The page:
New Age began with Cowper Powys

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The Independent Online
JOHN COWPER Powys published his vast, 1,100-page novel The Glastonbury Romance in 1933, the year that Hitler came to power. It explores the origin of evil, and the sources of the good that can combat it, against a backdrop of rural English mysticism. With his pervasive symbolism of the Holy Grail and his urge to root religious faith in much older, pagan patterns of existence, Powys managed to pinpoint the central features of New Age beliefs fully half a century before the term came into common use.

Through the progress of the idealistic John Geard, the Crow family and the people of Glastonbury, Powys sought to convey "a jumbled-up and squeezed- together epitome of life's various dimensions".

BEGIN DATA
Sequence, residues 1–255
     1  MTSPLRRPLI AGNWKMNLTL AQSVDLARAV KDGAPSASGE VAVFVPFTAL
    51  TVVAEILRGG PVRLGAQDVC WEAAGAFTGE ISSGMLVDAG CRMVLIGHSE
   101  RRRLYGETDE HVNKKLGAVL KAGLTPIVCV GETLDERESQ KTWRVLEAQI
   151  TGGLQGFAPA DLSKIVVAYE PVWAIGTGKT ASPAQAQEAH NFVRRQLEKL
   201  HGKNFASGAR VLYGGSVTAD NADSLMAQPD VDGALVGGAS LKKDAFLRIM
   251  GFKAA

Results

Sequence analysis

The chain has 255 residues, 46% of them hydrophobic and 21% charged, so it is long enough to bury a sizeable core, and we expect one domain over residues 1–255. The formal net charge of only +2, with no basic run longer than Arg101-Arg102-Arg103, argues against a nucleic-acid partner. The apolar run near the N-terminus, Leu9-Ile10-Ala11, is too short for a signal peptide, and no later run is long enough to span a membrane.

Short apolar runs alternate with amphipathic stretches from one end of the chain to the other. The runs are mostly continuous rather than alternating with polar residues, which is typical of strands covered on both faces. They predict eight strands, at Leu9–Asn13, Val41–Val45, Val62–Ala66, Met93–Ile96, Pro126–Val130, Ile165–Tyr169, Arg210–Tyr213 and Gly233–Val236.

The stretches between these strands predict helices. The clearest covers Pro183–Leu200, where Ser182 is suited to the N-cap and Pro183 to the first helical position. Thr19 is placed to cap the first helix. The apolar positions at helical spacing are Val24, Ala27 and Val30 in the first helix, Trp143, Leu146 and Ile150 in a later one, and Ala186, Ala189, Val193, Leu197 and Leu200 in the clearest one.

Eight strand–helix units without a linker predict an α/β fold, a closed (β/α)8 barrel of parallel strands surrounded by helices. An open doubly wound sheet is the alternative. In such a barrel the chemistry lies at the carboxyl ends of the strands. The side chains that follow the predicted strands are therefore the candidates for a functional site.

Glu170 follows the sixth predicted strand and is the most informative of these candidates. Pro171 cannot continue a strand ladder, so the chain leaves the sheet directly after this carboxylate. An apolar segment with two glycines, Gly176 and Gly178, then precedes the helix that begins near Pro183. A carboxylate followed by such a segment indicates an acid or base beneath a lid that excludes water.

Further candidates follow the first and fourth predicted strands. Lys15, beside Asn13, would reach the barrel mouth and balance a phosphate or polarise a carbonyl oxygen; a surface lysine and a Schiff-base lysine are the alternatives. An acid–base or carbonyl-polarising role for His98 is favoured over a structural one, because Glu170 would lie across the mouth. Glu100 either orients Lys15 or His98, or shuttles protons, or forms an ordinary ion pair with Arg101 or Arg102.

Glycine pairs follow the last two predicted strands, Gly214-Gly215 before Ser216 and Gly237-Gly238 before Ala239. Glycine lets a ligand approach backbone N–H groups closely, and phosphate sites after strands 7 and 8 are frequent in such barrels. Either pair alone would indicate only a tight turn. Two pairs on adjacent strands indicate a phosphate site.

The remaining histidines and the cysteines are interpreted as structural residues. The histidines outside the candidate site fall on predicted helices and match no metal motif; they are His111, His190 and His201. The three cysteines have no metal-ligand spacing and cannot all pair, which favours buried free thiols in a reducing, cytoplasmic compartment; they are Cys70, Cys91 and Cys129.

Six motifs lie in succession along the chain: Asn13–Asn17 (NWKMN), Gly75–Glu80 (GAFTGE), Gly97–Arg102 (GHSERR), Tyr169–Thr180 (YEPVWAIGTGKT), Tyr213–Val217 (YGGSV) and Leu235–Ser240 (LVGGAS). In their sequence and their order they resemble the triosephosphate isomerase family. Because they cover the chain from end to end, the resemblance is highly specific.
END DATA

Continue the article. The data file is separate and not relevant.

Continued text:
It is no great surprise, perhaps, that thousands of baby-boomer readers who grew up with J R R Tolkien should now want to spend their mature adulthood with the sprawling chronicles of Powys.

Born in 1872 to a Welsh family, in his father's Derbyshire rectory, Powys taught in girls' schools and as an adult education lecturer after graduating from Cambridge. He also lectured regularly in the US, sowing the seeds of a future fan-club there. Like his brothers Llewellyn and Theodore Francis (author of Mr Weston's Good Wine), John embarked on a literary career. He published his first novel, Wood and Stone, in 1915. Separated from his wife Margaret, he eventually set up home in Wales with his American lover, Phyllis Plater.

Wolf Solent in 1929 began his series of lush, pantheistic West Country epics, of which The Glastonbury Romance proved the most successful. In the 1940s, Powys turned to Welsh historical themes in novels such as Owen Glendower, and wrote critical studies of figures such as Dostoyevsky and Rabelais. He died in 1963, and the zealous Powys Society has worked hard to build his reputation ever since. At last, it looks as if their efforts might be bearing fruit.